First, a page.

Finding Her Career in the World of Banking
PROVO, Utah – Jul 17, 2020 – When Rachelle Morris first entered Brigham Young University, majoring in business wasn’t anywhere on her radar. However, after taking and loving some introductory classes, Morris realized applying to the BYU Marriott School of Business was the path for her. Now, after fifteen years of a career in private banking, Morris looks back in gratitude for her time at BYU Marriott and all the mentors who encouraged her to take the initiative needed to build her career.
A current resident of Salt Lake City, Morris works as a vice president at J.P. Morgan Private Bank, helping to lead its recently opened Salt Lake City office. As part of her work, Morris strives to build personalized, unique experiences with her clients, something she says is one of her favorite parts of her job. “Each individual and every family that my colleagues and I have the opportunity to work with are unique, and they each have their own goals,” Morris says.
Morris explains her primary responsibility is to serve and advise families, individuals, endowments, and foundations across Utah in a variety of ways. “I help with several different projects such as day–to–day banking, lending, credit, mortgages, financial modeling, and wealth management,” she says.
Since each new client presents their own challenges and concerns, Morris searches for new ideas and solutions every day. “There's no simple cookie–cutter approach to what I do,” she says. “Every client is different, so each relationship requires listening and brainstorming with a client, finding out what they want to accomplish, and then collaborating with my colleagues to accomplish their goals. The more we can impact our clients’ financial lives, the more they can impact our community.”
Morris’ understanding of the importance of approaching her career with intention and purpose is something she credits to her mentors, past and present. “I appreciate that my mentors approach life with an attitude that mediocrity is not going to be a part of it. Early in my career, the woman who created my gold standard of professionalism was Dianne Rivera, a fellow BYU Marriott alumna. To this day, she and I still keep in touch,” she says.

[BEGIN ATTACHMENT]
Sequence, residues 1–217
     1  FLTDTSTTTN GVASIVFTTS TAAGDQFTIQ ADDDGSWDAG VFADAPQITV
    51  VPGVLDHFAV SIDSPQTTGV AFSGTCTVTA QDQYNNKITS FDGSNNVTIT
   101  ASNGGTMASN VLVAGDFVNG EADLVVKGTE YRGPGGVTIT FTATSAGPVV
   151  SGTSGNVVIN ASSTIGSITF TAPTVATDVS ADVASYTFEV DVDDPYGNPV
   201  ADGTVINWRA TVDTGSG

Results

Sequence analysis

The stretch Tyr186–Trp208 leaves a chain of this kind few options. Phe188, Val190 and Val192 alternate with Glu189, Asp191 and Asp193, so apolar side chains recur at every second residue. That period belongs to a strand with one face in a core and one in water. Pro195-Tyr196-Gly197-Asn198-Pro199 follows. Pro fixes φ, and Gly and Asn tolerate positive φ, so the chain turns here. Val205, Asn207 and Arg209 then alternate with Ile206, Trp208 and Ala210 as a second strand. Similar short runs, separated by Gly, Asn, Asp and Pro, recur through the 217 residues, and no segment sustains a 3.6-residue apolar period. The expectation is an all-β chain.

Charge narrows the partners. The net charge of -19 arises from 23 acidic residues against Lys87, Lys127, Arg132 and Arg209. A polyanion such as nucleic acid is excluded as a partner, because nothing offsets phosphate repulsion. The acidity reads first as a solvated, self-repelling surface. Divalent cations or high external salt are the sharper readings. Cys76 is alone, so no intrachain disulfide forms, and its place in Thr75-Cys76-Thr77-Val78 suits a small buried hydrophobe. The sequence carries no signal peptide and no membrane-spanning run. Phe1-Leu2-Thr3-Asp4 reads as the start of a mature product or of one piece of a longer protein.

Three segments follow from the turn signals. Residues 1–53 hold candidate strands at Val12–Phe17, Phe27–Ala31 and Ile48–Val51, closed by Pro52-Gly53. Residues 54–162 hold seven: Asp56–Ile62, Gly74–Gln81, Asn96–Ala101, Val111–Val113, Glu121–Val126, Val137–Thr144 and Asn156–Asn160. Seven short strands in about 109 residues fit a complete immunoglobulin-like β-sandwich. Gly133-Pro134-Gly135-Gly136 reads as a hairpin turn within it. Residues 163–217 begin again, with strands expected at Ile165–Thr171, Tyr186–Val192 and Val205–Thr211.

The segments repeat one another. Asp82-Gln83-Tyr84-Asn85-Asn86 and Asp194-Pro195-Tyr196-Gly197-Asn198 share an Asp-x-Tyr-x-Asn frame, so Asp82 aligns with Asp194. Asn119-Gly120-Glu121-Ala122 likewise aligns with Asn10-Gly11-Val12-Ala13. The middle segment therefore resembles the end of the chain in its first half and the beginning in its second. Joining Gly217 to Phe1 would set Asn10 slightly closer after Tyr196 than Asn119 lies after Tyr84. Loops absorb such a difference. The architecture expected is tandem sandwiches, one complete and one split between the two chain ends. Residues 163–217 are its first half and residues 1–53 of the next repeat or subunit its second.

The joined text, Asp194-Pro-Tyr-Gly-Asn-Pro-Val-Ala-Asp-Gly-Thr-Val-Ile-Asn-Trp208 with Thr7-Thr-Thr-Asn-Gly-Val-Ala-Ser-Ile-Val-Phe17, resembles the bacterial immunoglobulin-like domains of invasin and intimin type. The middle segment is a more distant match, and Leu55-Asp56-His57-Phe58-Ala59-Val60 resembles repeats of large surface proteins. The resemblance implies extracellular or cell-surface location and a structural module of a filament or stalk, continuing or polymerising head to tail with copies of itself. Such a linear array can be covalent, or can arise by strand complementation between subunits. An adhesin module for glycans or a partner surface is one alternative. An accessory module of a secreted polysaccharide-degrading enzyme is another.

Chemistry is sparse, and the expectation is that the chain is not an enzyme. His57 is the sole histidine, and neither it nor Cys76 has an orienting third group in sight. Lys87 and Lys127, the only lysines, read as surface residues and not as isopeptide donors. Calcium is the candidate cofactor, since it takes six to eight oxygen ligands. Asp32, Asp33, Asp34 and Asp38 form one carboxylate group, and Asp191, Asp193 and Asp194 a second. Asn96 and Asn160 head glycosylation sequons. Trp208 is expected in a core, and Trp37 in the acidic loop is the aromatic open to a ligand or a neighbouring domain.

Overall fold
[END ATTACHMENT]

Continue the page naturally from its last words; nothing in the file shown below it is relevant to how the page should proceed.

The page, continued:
According to Morris, building relationships with mentors is an important key to life–long success in a career. “I look back at all of these women who helped me blaze my trail and think how grateful I am that I had the experience of creating professional and personal relationships with women who were themselves trailblazers,” she says.
Morris, who graduated from BYU Marriott’s information systems program in 2007, met several of these trailblazers during her time at BYU Marriott. “Then-professor Bonnie Anderson, professor Tamara Masters, and adjunct professor Melissa Wallentine are women whom I admire greatly,” she says. “Professor Masters was the first person in my life who made the Wall Street Journal approachable and relatable to me. Rachael Crane, who was an MBA student during my undergrad experience, showed me that I could realistically pursue a career in asset and wealth management.”
Now as a mentor herself, Morris pays it forward by encouraging those she works with to become an asset in the workplace and advocate for themselves. “A great way to build rapport and strengthen relationships with people senior to you is to ask them specific questions and find ways to add value to their lives,” she says. “Rather than asking broad questions about how they have built their careers, try to ask about what they’re currently working on and how you can help while also learning from them. If the two of you click, the mentoring relationship will naturally develop from there.”
Since beginning her new career, Morris recognizes the small ways she has already developed personally. She remembers accepting her first internship at a global investment bank on her twenty-first birthday. “I remember that feeling of sitting down on a bench and saying how excited I was for the opportunity—I even remember what sweater I was wearing. Let’s be honest, though, I had no idea what I was getting myself into,” she says. Since that internship, she continues to grow in her career. “This career has been simultaneously challenging and rewarding. There’s no plateauing; there's always room for growth.”
Morris looks back in gratitude for her decision to enter the world of private banking and for the opportunities BYU Marriott provided. “Majoring in business has certainly changed the trajectory of my life,” she says. “I am grateful to BYU Marriott for being a launching pad to my career. The school is a fantastic incubator that prepares students for success in their personal and professional lives.”
Media Contact: Chad Little (801) 422-1512
Writer: Sarah Calvert